Q&A with Tim Tardibono, Executive Director of the OK County CJAC

A key component of criminal justice reform on a county level is the Oklahoma Criminal Justice Advisory Council (CJAC),

Tuesday, August 14, 2018

Since 2015, the Greater Oklahoma City Chamber has pushed for criminal justice reform in Oklahoma County and statewide. A key component of reform on a county level is the Oklahoma Criminal Justice Advisory Council (CJAC), an interlocal government council designed to institutionalize cooperation and planning for the criminal justice system in Oklahoma County.

The Council was established following a recommendation of the Greater Oklahoma City Chamber’s Criminal Justice Reform Task Force and was called out as the most critical step for reform. In February, the Council selected Timothy Tardibono as the group's first executive director. 

Prior to assuming his role with the CJAC, Tardibono was the founder of the Family Policy Institute of Oklahoma. He also served five years as legal counsel to U.S. Senator Tom Coburn, four years as assistant general counsel at the Oklahoma State Department of Health and five years as a policy analyst for Oklahoma’s Secretary of Health and Human Services. As executive director, Tardibono's role is to keep the Council focused on making reforms and cementing them for the future. Read on for more about the Council's criminal justice reform efforts in Oklahoma County in this Q&A with Tardibono.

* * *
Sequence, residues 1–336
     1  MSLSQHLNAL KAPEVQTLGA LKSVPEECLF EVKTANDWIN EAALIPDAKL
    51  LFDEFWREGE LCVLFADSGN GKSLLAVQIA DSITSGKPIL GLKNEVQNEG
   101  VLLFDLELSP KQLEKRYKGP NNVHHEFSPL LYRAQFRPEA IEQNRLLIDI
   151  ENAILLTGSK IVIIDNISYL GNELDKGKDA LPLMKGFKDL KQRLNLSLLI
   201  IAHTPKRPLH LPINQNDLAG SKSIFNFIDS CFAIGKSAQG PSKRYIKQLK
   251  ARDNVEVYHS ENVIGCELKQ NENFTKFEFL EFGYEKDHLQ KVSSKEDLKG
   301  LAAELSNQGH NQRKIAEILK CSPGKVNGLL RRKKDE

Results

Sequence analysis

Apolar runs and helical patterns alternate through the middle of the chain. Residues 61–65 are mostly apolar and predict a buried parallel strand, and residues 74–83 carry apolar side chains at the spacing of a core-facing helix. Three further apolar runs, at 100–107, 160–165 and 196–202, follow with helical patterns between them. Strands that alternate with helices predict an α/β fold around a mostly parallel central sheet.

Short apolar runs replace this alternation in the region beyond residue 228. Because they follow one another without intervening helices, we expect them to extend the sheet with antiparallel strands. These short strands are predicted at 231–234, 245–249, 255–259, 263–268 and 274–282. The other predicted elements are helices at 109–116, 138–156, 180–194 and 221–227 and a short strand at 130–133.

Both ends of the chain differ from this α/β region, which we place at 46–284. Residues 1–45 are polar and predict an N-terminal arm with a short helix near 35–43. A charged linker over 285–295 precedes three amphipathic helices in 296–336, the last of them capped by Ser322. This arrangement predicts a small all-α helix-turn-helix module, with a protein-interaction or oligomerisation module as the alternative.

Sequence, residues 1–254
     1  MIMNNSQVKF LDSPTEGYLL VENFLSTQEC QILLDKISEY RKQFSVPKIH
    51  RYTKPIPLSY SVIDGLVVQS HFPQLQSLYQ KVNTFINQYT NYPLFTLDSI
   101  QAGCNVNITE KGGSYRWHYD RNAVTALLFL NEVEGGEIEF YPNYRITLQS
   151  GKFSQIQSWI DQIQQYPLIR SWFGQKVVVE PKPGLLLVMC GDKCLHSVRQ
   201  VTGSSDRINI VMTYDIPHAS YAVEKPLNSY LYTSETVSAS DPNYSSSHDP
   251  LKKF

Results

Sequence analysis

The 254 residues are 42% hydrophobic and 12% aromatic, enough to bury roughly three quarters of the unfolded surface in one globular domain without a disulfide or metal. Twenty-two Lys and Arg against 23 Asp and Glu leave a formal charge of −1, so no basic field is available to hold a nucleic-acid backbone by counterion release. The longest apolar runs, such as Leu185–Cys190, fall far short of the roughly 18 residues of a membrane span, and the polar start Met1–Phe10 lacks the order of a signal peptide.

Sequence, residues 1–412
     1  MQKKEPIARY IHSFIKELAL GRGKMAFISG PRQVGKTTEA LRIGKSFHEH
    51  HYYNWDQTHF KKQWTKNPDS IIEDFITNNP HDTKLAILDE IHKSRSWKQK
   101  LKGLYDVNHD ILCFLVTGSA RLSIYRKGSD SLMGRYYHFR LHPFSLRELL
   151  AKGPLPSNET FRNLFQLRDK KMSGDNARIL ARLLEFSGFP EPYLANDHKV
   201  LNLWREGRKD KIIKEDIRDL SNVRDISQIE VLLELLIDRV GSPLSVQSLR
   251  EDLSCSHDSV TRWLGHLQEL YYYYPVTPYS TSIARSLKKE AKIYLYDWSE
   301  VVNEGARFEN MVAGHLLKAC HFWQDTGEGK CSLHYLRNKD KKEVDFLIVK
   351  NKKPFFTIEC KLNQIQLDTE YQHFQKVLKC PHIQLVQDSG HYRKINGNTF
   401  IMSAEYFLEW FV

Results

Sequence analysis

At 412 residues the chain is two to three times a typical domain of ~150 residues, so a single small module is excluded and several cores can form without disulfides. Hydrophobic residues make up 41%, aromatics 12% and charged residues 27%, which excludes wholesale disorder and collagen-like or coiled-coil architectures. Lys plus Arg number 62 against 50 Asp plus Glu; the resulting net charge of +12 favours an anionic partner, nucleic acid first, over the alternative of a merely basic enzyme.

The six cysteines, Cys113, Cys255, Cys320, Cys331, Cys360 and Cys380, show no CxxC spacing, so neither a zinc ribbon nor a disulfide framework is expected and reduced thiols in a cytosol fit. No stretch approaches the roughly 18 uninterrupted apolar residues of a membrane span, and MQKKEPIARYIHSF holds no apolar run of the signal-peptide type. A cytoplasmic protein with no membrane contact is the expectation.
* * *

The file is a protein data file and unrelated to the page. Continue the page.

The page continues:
Tardibono: Kris Steele, of the incredible program The Education and Employment Ministry (TEEM), says that there are no spare Oklahomans and he is exactly right. We have seen our city blossom but there is still so much more potential. That goes for our neighbors, too. Our neighbors struggling with substance abuse addiction and mental health challenges need systems set up that give them a second chance to discover their potential while simultaneously holding them accountable. It doesn’t have to be a choice between rehabilitation or accountability, it can be “both and” if we set up the right systems. These neighbors could be contributing to our city’s growth instead of being locked up before they’ve been convicted in a facility that has had serious problems since it opened more than two decades ago.  It’s our community and we should foster an environment where we all can succeed. 

Read the entirety of the Q&A on VeloCityOKC.com.